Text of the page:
Tax which is deducted at source is deducted from an individual’s income on a periodical basis and is applicable to income which is either regular or irregular. Income Tax Act, 1961 regulates TDS in India through Central Board of Direct Taxes under Indian Revenue Services. It is applicable for salary, commission, interest, rent, professional fees, etc.

File your income tax return on time

To avail the benefits, income tax department suggests filing the income tax return on time. Carry forward of losses in the business income is one of the main benefits. The losses in the business income can be carried forward for a consecutive period of 8 years and hence can be set off against the income of the coming years if it is not set off with the income of the current year. As such, the benefits can only be availed if the income tax return is filed on time.


Depreciation is the decrease in value of assets and reduces the amount of taxes paid in the form of depreciation expense on the income statement. The depreciation expense of a company is recognized on the income statement after all revenue, the cost of goods sold and operating expenses have been paid. A company’s tax expense is calculated from the income statement reflecting the earnings before interest and taxes.

MAT (Minimum Alternate Tax)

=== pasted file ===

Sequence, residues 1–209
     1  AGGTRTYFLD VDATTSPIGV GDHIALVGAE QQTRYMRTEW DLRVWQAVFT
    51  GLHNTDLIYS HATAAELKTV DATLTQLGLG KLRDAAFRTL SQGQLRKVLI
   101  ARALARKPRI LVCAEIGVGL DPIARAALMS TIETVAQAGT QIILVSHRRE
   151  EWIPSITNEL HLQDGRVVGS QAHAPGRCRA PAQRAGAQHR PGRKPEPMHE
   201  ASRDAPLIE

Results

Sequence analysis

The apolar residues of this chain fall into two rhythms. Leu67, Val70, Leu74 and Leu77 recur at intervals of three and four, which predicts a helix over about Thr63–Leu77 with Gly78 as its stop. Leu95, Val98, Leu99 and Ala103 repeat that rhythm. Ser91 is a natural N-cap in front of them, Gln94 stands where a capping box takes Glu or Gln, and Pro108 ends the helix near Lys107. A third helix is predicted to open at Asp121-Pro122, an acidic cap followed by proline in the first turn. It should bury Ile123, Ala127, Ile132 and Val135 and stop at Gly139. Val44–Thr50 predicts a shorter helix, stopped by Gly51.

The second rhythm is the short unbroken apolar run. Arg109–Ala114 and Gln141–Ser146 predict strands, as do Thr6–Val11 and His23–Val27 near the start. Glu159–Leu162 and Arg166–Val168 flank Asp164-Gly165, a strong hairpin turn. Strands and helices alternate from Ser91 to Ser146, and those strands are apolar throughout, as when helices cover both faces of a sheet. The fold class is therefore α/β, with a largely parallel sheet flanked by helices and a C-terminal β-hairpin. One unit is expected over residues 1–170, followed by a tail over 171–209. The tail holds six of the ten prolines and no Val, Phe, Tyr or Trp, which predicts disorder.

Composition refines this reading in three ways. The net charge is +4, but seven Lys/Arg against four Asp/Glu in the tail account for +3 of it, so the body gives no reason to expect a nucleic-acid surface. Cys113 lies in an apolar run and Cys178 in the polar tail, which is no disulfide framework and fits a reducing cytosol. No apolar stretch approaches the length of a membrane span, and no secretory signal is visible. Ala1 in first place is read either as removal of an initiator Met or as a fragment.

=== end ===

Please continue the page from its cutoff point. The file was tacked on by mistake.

MAT stands for “Minimum Alternate Tax.” This concept was introduced for companies, and it has been made applicable to all other taxpayers in the form of AMT (Alternate Minimum Tax).

  • At times it may happen that a company may have generated income during the year, but it may have reduced its tax liability or may not have paid the tax at all by taking the advantages of various provisions of income tax law such as exemptions, deductions, depreciation, etc.
  • The Finance Act, 1987 introduced MAT with effect from the assessment year 1988-89 due to increase in a number of zero-tax companies and later on, it was withdrawn by the Finance Act, 1990 and re-introduced by Finance Act, 1996 with effect from 1st April 1997.
  • The main objective of MAT is to bring into tax net “zero tax companies” which do not pay any tax due to various tax concessions and incentives provided under income tax law even after earning substantial profits and paying handsome dividends.

MAT Credit

The provisions related to the adjustment of MAT credit and carry forward are given in section 115JAA. A company is liable to pay as per MAT provisions or has to pay higher of normal tax liability, and if in any year it pays liability as per MAT then it is entitled to claim credit of MAT paid over and above the normal tax liability in the subsequent year.